The experiential acquisition of pain-related fear has been demonstrated by pairing a painful electrocutaneous stimulus pain-US; unconditioned pain stimulus) with one movement (CS+; conditioned stimulus) but not with another (CS−). However, it is expected that during acquisition through direct experience, pain-related fear can be intensified or weakened by verbally/visually transmitted information about the pain and its meaning.Method.
Participants received threatening information (US-inflation), safety information (US-deflation), or no information about the pain-US (US-same). Additionally, we measured return of fear after a reinstatement procedure: two unsignaled pain-USs were presented in the experimental groups, but not in the control groups.Results.
We replicated the acquisition and extinction of experimentally induced fear of movement-related pain in healthy subjects both in the verbal reports and the eye-blink startle measures. Two reinstating pain-US presentations led to a differential return of self-reported fear and a nondifferential return of fear in the eye-blink startle responses. Although, we failed to find an effect of verbal/visual information regarding the meaning of the pain-US on the acquisition, extinction, or reinstatement of pain-related fear, we did observe a pain sensitization effect over time suggesting that our threat manipulation induced an increase of perceived threat in all groups.Conclusion.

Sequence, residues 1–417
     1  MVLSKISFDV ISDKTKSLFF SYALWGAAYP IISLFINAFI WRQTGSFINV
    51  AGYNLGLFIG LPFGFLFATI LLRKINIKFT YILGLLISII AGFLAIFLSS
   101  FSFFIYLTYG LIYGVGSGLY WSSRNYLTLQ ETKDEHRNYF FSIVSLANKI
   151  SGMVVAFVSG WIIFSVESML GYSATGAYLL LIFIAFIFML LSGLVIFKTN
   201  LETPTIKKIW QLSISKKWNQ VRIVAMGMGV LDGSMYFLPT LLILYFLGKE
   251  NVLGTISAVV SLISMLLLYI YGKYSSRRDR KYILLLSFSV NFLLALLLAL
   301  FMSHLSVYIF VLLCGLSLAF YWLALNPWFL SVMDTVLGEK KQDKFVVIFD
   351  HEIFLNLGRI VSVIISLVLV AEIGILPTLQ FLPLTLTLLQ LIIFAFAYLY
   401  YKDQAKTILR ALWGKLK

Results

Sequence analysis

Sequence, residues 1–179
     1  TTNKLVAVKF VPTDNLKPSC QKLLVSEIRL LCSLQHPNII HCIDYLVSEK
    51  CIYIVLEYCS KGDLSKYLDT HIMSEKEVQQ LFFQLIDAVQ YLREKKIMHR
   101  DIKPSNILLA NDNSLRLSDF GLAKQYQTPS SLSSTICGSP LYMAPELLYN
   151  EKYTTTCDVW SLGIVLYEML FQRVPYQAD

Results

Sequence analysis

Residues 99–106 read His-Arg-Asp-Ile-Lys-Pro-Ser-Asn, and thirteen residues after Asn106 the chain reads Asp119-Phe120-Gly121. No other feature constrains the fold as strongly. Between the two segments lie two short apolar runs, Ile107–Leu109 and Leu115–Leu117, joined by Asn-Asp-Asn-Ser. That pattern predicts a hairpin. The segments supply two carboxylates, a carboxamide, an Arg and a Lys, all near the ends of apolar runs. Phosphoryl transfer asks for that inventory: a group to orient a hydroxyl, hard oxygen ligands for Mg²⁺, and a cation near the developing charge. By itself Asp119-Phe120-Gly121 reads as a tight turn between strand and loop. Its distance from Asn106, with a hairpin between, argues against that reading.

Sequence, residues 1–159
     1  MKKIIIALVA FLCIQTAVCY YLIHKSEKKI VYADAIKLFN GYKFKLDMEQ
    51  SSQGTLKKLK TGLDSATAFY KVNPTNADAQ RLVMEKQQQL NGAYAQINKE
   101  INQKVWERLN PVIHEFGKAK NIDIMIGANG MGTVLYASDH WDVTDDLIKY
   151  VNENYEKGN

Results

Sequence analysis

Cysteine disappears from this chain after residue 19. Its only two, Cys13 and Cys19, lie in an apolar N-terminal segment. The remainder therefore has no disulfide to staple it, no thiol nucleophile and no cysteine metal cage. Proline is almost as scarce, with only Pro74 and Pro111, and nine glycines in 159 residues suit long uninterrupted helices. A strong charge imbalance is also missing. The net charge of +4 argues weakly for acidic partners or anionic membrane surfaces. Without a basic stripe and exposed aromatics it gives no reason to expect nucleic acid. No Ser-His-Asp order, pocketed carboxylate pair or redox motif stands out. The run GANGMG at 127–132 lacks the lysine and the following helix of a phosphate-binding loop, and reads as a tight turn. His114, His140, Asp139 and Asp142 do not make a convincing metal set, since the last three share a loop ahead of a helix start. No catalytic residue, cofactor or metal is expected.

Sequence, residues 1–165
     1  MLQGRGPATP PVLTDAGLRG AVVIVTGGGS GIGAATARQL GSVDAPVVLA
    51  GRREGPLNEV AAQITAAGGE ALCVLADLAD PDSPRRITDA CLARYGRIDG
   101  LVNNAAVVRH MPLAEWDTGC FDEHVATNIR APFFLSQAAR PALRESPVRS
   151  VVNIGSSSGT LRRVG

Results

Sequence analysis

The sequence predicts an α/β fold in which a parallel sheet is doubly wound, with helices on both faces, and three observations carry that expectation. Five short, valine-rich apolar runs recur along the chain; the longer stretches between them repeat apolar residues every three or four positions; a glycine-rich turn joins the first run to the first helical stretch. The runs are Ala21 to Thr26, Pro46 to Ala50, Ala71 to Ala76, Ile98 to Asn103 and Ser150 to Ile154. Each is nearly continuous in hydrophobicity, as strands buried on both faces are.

The results suggest that our threat manipulation might not have worked or that it was not sensitive enough to yield group-specific effects. We replicated acquisition, extinction, and return of experimentally conditioned fear of movement-related pain, but the threat manipulation failed to generate any additional effects.